Bleech: Look for Subtle Rut Activity

Northeast Rut Reporter Mike Bleech has been hunting whitetails in his native Pennsylvania and throughout the Northeast for more than … Continued

Northeast Rut Reporter Mike Bleech has been hunting whitetails in his native Pennsylvania and throughout the Northeast for more than four decades. A Vietnam veteran and full-time freelance outdoor writer, Bleech has had more than 5000 of his articles published. States covered: ME, NH, VT, MA, RI, CT, NY, NJ, PA OH, MD, DE.

Nov. 27: Note the thickness of the neck and waist on this buck. Although the rack is modest, the buck is probably 2-1/2 or 3-1/2 years-old. Bucks that live in large forested areas generally do not carry antlers of the same quality as bucks that live in areas where nourishment is much better. Acorn crops in the area have not been good for a couple of years. Acorns play a major role in deer nourishment throughout most of the Appalachian Region.

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Also note the posture of this buck, particularly the right front leg. The buck is at a scrape which has been hit quite regularly for the past four weeks. One slightly larger buck was photographed here, as well as a couple of does. Although it should be classified as a “major scrape,” it does not appear to be. Only trail camera evidence reveals the activity which takes place here. Only one small twig was broken above the scrape. It does not have a large circumference. Also, it has continually been covered by leaves from three levels of vegetation.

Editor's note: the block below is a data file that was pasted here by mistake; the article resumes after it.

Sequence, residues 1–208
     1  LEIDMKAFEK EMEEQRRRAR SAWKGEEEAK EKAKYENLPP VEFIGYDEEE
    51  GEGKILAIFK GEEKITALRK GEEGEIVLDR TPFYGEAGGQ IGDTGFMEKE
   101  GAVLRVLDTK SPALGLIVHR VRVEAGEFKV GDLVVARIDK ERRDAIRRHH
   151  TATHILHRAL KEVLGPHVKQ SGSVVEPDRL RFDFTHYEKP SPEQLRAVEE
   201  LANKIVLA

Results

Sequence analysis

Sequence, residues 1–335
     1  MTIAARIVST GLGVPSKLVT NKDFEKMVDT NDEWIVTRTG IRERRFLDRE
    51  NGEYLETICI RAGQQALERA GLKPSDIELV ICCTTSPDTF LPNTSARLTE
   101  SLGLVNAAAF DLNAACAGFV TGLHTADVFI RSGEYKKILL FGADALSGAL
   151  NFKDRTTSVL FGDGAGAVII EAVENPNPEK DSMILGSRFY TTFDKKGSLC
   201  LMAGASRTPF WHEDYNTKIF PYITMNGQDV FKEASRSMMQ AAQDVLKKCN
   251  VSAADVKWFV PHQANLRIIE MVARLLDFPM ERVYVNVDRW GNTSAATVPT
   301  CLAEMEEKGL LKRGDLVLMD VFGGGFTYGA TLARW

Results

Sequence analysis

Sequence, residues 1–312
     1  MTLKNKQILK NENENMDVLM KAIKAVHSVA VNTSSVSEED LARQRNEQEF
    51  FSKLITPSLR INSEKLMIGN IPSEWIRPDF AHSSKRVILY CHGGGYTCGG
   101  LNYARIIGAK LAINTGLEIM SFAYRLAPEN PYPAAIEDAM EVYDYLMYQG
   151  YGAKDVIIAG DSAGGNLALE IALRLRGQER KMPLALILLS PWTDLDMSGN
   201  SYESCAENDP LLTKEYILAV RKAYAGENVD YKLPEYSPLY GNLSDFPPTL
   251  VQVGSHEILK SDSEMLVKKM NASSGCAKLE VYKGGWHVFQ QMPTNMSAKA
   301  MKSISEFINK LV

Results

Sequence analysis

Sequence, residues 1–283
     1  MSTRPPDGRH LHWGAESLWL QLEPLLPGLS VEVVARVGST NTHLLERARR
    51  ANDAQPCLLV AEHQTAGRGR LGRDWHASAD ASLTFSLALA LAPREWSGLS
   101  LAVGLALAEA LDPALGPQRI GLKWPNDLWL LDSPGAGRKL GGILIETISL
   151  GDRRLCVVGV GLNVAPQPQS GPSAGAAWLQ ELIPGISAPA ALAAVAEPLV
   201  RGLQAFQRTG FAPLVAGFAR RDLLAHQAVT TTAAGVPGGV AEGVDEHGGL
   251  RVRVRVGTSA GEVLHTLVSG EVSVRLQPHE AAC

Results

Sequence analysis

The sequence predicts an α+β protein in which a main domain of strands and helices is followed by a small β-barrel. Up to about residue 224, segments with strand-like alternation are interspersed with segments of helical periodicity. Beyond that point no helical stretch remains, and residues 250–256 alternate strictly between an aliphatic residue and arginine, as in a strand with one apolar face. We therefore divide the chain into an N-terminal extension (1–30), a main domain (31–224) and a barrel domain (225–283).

What stands out more is that the scrape is at the intersection of two well worn trails in a crabapple thicket.

Fletch 66 has hit the nail right on the head, in my opinion, with the comment on moving stands into thicker cover. Sometimes hunters pay too much attention to things like using scents or grunting, and not enough to that particular aspect of stand placement. Deer do not grow old by making themselves easy prey to hunters. This year my favorite hunting area was virtually taken from me by a new group of hunters who have set up so many tree stands that I can hardly get out of sight of one. Every one of these stands appears to be placed where it is because of open area.

Although I did not bowhunt that area I did run trail cams in there. While walking through, walking near tree stands was unavoidable. I never saw anyone actually hunting. Every stand I saw was within 50 yards of very thick areas, and when I went into those thick areas I saw well worn trails. I did not see a single gut pile. Had they placed the stands in the thick areas their results almost certainly would have been better.